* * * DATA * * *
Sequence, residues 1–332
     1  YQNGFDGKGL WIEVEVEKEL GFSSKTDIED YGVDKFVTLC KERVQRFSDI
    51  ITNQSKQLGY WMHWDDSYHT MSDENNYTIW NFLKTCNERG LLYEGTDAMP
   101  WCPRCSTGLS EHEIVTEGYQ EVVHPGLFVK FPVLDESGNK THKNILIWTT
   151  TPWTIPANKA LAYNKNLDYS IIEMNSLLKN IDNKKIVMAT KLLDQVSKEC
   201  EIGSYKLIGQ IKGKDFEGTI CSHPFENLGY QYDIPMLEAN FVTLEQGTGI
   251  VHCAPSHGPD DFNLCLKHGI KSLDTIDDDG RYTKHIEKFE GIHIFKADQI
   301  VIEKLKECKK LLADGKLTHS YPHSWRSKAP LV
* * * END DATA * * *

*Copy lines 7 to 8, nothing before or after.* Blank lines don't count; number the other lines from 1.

   251  VHCAPSHGPD DFNLCLKHGI KSLDTIDDDG RYTKHIEKFE GIHIFKADQI
   301  VIEKLKECKK LLADGKLTHS YPHSWRSKAP LV